Today there was a mass demonstration in Ottawa against the Keystone XL pipeline. The protest in Canada is largely symbolic, as our prime minister has already given the project the go-ahead. But in the US, a similar protest in Washington really does matter, because the decision on whether to allow the project to go ahead will rest squarely with the president.

Others have eloquently explained the issue. I would recommend ClimateSight for a recent overview & background on the protests, and David Pritchard for a sober analysis of the emissions impact.

As I couldn’t make it to Ottawa to make my voice heard, I’ve drafted a letter to Obama. Feel free to suggestion improvements; I plan to send it later this week.

President Obama,

When you were elected as president you spoke eloquently about climate change: “Now is the time to confront this challenge once and for all. Delay is no longer an option. Denial is no longer an acceptable response.” And you repeated your campaign promise to work towards an 80% cut in emissions by 2050. These were fine words, but what about the tough decisions needed to deliver on such a promise?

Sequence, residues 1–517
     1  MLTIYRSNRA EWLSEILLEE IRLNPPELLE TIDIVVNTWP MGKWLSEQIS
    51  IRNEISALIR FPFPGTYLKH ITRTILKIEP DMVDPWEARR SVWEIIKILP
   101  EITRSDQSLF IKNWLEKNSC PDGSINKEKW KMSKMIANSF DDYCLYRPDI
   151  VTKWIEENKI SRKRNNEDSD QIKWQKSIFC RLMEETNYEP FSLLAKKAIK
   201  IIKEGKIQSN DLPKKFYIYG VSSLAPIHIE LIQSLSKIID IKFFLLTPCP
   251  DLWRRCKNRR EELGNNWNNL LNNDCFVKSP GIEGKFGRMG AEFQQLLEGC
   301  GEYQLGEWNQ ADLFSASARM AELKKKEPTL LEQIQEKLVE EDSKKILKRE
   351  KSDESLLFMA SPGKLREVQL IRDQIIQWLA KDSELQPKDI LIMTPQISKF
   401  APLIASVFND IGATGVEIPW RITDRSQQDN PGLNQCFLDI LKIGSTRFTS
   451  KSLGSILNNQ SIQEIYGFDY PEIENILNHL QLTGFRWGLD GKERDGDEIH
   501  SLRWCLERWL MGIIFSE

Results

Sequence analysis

Sometime in the next few months, you will have to make a decision on whether to allow the Keystone XL pipeline project to go ahead. The pipeline represents a key piece of the infrastructure that will bring onstream one of the largest oil deposits in the world, and a source of liquid fuel that’s somewhere between 15 to 40% worse in terms of carbon emissions per gallon than conventional oil (Pritchard, 2009). The question over whether we will dig up the tar sands and burn them for fuel represents a crucial decision point for the people of the entire planet.

If the pipeline goes ahead, many jobs will be created, and certain companies will make huge profits. On the other hand, if the pipeline does not go ahead, and we decide that instead of investing in extracting the oil sands, we invest instead in clean energy, other companies will make the profits, and other jobs will be created elsewhere. So, despite what many advocates for the pipeline say, this isn’t about jobs and the economy. It’s about what type of energy we choose to use for the next few decades, and which companies get to profit from it.

I’m a professor in Computer Science. My research focusses on climate models and how they are developed, tested, and used. While my background is in software and systems engineering, I specialize in the study of complex systems, and how they can be understood and safely controlled. In my studies of climate models, I’ve been impressed with the diligence and quality of the science that has gone into them, and the care that climate scientists take in checking and rechecking their results, and ensuring they’re not over-interpreted.